Sonia O'Sullivan: The healing powers of a walk in the wild side

Some think superhorse Winx walks on water but she is just soothing her legs in the sea

Sea water  seems to help a  horse’s legs  and any cuts they may have, again all very familiar to me. Sea water has always helped to heal  cuts  in less time

Sea water seems to help a horse’s legs and any cuts they may have, again all very familiar to me. Sea water has always helped to heal cuts in less time

 

It was front-page news in almost all the Australian newspapers on Monday morning. No, not Conor McGregor, who, not surprisingly, didn’t even get a mention, but the picture of a racehorse going for a recovery walk in the shallow sea at Altona Beach, in the western suburbs of Melbourne.

This was no surprise as the racehorse is called Winx, already a household name in Australia, and currently one of the most famous sporting names in the country.

Winx would be well known in worldwide racing circles, but in Australia there always seems to be one horse who grabs all the attention. For the past four seasons this horse has been Winx, a seven-year-old mare with 28 successive wins, including 21 Group One victories, the most recent of which came at Flemington racecourse last Saturday.

Winx came from behind over the final 200m to win the 2,000m Turnbull Stakes: not that her victory was ever in doubt. Most of the 22,715 crowd came to get an up-close glimpse of their latest champion and wonder horse.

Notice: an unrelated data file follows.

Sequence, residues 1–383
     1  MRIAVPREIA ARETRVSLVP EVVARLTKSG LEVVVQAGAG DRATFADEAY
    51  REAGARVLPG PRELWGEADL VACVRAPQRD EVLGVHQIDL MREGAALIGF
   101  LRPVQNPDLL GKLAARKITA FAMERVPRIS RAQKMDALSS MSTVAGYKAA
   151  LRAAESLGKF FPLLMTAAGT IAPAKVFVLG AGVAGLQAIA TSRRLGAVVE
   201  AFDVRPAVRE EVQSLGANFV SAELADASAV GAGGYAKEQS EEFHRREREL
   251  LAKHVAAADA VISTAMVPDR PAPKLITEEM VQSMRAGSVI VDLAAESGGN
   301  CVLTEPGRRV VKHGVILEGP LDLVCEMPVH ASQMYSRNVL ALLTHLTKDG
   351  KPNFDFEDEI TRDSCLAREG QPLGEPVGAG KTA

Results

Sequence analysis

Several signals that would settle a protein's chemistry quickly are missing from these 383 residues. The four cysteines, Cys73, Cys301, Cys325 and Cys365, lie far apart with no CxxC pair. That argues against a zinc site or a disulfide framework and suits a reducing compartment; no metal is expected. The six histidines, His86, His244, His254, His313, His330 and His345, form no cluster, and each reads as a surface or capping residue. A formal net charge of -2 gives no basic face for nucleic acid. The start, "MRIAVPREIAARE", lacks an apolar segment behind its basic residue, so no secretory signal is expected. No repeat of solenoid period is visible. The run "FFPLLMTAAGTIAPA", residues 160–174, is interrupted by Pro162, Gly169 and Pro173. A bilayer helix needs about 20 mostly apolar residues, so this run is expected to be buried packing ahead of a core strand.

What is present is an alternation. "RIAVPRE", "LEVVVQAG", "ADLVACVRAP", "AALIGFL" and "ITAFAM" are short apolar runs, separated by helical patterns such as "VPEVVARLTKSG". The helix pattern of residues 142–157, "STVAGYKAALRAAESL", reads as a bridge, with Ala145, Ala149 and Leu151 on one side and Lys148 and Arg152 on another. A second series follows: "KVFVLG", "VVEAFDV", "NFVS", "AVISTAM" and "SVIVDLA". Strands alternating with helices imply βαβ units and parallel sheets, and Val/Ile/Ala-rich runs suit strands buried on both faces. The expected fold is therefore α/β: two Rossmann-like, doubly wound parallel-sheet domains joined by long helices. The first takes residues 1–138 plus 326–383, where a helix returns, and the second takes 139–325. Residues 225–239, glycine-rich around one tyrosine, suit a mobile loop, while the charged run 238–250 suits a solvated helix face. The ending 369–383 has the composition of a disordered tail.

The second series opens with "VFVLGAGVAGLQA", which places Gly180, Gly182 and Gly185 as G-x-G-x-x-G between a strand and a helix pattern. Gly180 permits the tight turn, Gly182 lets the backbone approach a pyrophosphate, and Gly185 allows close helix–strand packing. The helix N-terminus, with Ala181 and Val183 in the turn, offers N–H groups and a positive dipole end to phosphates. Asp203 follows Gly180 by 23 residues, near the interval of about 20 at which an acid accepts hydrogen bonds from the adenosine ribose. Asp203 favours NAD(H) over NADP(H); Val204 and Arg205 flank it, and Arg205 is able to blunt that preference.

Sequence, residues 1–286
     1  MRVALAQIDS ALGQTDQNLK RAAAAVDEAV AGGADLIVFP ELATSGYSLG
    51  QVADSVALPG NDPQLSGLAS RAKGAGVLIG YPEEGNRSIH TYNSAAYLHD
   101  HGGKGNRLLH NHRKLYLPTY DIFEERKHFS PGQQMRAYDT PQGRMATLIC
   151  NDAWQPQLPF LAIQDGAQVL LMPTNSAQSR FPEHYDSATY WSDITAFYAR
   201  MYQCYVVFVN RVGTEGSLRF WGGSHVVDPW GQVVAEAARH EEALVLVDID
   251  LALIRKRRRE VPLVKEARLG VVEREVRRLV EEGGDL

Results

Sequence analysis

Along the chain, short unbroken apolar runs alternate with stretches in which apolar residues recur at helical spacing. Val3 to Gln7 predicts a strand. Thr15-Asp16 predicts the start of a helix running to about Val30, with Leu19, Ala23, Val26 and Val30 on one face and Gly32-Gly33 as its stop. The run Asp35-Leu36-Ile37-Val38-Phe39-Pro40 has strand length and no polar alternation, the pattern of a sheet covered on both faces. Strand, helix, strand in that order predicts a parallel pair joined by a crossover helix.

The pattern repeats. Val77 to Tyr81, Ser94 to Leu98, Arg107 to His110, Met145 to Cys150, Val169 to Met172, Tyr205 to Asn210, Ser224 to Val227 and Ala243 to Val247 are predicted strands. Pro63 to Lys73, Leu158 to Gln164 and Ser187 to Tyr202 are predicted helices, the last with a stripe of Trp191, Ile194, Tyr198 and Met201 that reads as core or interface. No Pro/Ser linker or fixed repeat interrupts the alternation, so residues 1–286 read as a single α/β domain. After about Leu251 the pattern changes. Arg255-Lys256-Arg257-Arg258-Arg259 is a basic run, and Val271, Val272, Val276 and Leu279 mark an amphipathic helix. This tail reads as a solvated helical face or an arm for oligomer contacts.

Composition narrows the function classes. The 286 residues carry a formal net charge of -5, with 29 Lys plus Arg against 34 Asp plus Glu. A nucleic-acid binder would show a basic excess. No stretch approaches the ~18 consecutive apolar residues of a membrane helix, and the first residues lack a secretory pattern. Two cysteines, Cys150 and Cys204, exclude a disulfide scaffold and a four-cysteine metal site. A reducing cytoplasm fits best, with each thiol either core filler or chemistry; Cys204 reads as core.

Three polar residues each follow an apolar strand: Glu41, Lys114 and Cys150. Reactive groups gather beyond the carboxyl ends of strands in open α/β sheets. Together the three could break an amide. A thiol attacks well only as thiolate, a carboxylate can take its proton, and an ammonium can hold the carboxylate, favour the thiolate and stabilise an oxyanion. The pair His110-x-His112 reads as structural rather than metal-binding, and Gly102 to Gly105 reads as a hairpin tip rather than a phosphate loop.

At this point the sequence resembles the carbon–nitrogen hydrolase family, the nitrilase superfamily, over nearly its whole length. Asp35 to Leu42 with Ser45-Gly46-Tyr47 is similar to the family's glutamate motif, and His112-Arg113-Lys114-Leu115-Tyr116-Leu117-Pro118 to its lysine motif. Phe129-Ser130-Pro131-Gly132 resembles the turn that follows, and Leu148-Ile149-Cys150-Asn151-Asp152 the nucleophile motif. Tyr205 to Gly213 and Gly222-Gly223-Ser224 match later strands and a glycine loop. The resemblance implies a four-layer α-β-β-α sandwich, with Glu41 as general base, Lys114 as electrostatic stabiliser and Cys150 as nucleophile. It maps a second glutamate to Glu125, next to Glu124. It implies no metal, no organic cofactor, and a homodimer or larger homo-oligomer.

Before Winx came along there was Black Caviar, who was retired in 2013 having gone unbeaten in 25 races, also a massive attraction to the spring carnival races that get going at this time each year. There always seems to be a star horse waiting in the wings to shine bright and attract the crowds each year.

Every newspaper

These racehorses take on a fame of their own, spoken about on radio and in every coffee shop, at school and at work, and written about on the front and back pages of every newspaper.

It’s also a sign that spring has definitely arrived in Australia, the AFL season over, and racing season going centre stage.

For me it was the picture of Winx walking in the sea that really stood out: I’ve seen it before as it’s one of the oldest remedies out there to help the muscles of an athlete recover from a hard effort.

We’ve all heard how good sea water is for recovery, and how a walk in the sea can help ease daily wear and tear, and minor aches and pains. Just last week a friend of mine was complaining of a sore knee and mentioned going for a walk in the sea. The next day he was out playing a round of golf, no bother to him.

There is no slowing down Winx. Earlier this month she added to her unbeaten streak claiming a third straight Australian Racehorse of the Year title in a unanimous verdict.

Next up is the Cox Plate at the end of the month, a race which she has won the past three years, and so will be aiming for a fourth straight victory. This race attracts horses from all around the world, and is often used as a run-out before the Melbourne Cup.

The Melbourne Cup may be the race that stops the nation, but Winx is the horse in form that stops people in their tracks just to see if she can rack up one more record victory.

Rolled your ankle